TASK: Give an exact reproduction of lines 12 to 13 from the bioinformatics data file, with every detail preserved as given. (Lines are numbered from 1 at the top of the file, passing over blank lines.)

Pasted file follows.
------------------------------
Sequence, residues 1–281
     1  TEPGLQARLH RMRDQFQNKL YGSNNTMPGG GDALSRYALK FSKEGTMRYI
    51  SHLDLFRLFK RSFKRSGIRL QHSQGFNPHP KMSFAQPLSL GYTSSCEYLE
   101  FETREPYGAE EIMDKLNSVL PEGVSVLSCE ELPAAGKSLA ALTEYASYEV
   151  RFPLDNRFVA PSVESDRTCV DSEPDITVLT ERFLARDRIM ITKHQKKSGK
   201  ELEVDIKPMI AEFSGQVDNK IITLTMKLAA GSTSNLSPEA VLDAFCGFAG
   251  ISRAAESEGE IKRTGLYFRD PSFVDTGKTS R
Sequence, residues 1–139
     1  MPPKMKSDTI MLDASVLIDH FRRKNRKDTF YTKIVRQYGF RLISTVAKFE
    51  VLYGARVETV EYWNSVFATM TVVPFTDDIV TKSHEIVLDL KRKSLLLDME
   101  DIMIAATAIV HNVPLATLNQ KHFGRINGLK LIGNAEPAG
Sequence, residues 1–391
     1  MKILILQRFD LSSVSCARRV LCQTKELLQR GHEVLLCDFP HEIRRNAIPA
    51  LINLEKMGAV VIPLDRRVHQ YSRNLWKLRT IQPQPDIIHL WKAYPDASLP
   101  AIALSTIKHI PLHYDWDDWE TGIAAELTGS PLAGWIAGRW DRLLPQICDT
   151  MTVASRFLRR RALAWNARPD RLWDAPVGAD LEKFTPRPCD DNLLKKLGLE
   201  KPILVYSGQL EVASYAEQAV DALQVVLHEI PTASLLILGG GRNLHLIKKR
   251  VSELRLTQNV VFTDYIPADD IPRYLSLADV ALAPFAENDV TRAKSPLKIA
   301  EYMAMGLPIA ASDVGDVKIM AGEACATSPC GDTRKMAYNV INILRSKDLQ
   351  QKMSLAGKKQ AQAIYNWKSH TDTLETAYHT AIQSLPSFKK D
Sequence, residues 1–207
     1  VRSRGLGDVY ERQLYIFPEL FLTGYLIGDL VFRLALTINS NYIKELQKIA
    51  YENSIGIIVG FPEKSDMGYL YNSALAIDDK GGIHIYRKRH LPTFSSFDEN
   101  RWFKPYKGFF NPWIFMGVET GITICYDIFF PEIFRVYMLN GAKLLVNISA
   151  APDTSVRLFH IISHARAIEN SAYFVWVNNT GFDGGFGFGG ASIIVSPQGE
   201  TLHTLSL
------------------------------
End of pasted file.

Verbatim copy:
Sequence, residues 1–391
     1  MKILILQRFD LSSVSCARRV LCQTKELLQR GHEVLLCDFP HEIRRNAIPA